Homelessness and Colorado’s Public Lands

AP Photo/Ross D. Franklin

Between insufficient budgets and rolled back protections, America’s public lands are under constant threat. Now long-term illegal campers are littering land in Colorado with piles of refuse, including human feces and spent syringes, and endangering other users.

At 5280, Tracy Ross examines how Colorado’s rising cost of living and the outlawing of public camping inside certain cities have led many homeless people to pitch tents in the state’s vast forests. The US Forest Service’s Rocky Mountain Region deals with some of the most severe problems associated with non-recreational camping in the entire National Forest system. America’ opioid epidemic has exacerbated these issues, with people heading to the forests not to hike but to take advantage of their privacy. One local man founded a watchdog group to deal with the effects of non-recreational campers. He told the reporter there were a hundred more illegal camps just like the first one they found. “And on top of the hundred we can see,” he said, “there are probably 150 to 200 we can’t, because they’re too deep in the woods or on private property within the forest.”

We headed back onto CO 72, passed Nederland, and stopped at the West Magnolia campground. After inspecting several camps and finding no issues, we pulled up alongside a red Honda sedan stopped on a dirt road leading back to the highway. The driver was slumped over in his seat. “Is he dead?” Johns asked. When he knocked on the window, the driver jumped. He had been loading a syringe with heroin.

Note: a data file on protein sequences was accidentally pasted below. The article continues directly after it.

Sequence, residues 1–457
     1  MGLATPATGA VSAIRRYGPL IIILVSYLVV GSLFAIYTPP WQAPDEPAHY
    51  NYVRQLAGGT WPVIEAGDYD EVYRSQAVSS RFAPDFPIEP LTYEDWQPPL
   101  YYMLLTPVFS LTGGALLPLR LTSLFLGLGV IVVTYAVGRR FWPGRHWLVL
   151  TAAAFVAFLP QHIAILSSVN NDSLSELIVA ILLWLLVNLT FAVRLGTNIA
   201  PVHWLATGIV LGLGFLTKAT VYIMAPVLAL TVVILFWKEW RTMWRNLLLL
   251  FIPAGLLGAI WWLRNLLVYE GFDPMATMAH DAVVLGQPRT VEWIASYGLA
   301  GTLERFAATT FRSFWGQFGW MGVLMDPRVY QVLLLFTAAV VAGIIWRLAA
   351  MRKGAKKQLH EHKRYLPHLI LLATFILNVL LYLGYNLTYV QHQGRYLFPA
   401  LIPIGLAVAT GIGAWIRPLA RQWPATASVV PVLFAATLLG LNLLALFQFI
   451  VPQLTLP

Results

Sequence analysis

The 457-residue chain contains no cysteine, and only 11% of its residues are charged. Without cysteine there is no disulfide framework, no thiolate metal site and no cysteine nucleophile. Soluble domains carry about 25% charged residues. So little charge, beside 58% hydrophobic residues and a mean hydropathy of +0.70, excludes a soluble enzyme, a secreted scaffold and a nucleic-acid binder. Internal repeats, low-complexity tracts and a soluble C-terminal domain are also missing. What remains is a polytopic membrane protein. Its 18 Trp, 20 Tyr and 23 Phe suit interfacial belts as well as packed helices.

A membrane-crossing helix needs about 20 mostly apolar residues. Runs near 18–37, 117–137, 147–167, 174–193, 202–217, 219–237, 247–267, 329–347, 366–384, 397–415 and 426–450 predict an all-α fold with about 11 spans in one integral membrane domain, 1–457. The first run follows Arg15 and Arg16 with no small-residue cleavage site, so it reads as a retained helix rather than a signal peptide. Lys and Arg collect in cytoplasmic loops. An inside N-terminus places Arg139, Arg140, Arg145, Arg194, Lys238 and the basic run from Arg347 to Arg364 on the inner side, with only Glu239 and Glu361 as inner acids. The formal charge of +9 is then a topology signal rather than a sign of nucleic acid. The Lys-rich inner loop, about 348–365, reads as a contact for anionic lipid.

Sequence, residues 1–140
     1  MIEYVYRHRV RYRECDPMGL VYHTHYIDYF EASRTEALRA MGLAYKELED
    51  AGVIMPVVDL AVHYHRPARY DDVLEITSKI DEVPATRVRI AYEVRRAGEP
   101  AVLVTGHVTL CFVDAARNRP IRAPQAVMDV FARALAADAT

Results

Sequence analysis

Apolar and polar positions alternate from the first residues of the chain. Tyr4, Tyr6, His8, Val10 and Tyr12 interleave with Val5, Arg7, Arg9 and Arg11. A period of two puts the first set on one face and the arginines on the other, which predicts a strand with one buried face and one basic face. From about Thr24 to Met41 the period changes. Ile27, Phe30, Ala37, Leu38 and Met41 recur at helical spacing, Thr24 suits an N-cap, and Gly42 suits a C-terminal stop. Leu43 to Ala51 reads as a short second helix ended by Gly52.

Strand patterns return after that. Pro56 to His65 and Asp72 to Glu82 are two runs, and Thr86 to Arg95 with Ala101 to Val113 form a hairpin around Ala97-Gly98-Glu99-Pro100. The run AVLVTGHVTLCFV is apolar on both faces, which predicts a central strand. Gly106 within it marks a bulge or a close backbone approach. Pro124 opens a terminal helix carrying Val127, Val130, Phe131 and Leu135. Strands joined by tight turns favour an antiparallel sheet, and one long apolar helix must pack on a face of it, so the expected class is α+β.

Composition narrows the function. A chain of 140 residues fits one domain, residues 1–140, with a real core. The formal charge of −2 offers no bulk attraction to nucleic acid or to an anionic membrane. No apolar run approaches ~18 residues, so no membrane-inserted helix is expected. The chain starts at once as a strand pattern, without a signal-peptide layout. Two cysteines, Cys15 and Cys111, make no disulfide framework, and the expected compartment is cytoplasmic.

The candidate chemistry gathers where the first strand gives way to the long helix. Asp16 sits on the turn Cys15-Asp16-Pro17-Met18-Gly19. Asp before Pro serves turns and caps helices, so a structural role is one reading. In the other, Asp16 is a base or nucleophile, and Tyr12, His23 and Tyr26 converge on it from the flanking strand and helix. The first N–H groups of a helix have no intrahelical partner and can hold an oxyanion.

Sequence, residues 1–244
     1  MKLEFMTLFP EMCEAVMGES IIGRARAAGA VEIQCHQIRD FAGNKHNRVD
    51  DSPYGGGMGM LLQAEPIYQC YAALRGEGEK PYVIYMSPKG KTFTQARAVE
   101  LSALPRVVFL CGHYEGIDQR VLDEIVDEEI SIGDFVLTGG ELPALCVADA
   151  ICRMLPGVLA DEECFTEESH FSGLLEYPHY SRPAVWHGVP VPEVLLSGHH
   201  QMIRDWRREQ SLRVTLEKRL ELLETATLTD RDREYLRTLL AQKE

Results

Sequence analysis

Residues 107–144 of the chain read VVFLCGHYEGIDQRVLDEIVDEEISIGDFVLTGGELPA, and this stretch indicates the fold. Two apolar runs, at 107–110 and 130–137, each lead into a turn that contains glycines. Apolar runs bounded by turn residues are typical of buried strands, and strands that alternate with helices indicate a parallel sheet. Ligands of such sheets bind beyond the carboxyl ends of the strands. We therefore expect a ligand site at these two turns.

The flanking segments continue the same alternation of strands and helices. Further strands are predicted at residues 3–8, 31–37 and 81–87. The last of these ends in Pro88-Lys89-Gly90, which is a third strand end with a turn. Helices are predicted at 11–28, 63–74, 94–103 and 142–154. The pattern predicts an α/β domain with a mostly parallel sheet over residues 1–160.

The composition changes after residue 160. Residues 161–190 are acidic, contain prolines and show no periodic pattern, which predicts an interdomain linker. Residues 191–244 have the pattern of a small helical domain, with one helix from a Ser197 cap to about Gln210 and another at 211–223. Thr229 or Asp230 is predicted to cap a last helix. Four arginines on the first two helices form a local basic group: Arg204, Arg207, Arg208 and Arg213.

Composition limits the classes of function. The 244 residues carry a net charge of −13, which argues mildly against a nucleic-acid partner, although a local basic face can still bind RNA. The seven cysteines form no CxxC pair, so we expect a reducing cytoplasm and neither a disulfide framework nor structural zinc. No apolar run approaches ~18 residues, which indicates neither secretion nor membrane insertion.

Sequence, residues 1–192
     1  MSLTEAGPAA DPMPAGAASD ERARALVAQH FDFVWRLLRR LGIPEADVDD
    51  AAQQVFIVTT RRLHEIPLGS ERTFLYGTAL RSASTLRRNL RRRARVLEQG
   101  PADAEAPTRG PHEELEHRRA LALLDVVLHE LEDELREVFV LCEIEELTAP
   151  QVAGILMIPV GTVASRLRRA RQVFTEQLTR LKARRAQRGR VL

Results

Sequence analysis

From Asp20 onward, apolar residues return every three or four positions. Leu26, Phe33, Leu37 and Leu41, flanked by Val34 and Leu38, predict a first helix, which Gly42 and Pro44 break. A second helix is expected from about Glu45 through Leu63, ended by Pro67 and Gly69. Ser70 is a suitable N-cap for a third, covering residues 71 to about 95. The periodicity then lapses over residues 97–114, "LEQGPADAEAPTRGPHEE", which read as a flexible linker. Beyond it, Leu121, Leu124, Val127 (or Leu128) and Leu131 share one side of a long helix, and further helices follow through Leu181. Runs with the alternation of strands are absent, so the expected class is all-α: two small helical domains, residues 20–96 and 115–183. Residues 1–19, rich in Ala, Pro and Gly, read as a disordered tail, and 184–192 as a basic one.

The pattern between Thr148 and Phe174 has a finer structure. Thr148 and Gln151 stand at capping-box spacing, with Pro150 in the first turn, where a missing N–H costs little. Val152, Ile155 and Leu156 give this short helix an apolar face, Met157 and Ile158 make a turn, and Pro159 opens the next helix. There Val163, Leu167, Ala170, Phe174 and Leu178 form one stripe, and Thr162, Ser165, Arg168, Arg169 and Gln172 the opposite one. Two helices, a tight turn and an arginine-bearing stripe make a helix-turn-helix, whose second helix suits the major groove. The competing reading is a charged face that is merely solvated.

The rawness of the moment was shocking. We were on an isolated road between a cluster of private homes and a picturesque campground frequented by families with young children. From behind us, a former cross-country teammate of my 16-year-old son jogged up, pacing her father. I looked from her to this guy, who had driven out here to stick a needle in his arm, and imagined the what-ifs. What if he’d injected the opiate and simply passed out? What if he’d overdosed and died? What if he’d, in his impaired state, hit the gas pedal and plowed into a teenage girl and her dad out for an afternoon run? It hit me then, viscerally, that our forests have become places where people come not only for quiet and tranquility, but also to do potentially harmful, often illegal things that are easier to get away with under the forest’s cover. I’ve recreated in national forests for four decades, and I’ve never encountered as many needles as I have in the past year.

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